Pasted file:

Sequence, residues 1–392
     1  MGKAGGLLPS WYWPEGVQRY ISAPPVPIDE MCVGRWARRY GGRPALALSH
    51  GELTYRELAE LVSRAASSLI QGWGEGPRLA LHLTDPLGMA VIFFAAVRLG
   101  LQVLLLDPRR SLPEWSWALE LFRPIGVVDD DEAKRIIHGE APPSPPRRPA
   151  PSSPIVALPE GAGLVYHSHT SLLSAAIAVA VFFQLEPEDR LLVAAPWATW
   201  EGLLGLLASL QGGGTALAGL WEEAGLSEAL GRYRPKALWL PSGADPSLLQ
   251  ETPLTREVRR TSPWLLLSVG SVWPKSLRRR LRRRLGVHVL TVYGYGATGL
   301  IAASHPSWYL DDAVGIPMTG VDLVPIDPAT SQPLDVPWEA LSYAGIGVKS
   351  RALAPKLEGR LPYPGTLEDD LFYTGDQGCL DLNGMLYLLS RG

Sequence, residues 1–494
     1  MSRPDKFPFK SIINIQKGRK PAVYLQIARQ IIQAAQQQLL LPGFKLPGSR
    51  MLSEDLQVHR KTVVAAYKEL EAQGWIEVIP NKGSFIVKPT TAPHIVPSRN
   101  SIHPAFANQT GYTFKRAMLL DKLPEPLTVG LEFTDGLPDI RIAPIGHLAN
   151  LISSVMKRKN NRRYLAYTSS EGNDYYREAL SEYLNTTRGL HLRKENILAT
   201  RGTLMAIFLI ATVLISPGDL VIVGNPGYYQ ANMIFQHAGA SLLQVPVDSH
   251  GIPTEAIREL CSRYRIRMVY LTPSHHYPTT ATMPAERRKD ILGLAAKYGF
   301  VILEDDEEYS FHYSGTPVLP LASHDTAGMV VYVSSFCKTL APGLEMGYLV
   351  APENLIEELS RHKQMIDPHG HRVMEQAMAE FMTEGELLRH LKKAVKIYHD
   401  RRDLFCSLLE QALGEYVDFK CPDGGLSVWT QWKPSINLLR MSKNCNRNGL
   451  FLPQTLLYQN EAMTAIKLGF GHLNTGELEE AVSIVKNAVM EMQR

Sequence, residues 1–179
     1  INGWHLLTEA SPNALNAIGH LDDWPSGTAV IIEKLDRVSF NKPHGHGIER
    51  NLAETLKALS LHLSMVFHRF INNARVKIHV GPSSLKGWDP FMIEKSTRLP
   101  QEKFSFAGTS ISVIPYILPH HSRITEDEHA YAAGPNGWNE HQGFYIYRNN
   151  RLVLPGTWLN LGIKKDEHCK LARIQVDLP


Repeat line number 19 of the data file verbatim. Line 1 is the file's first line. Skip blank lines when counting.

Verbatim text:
   401  RRDLFCSLLE QALGEYVDFK CPDGGLSVWT QWKPSINLLR MSKNCNRNGL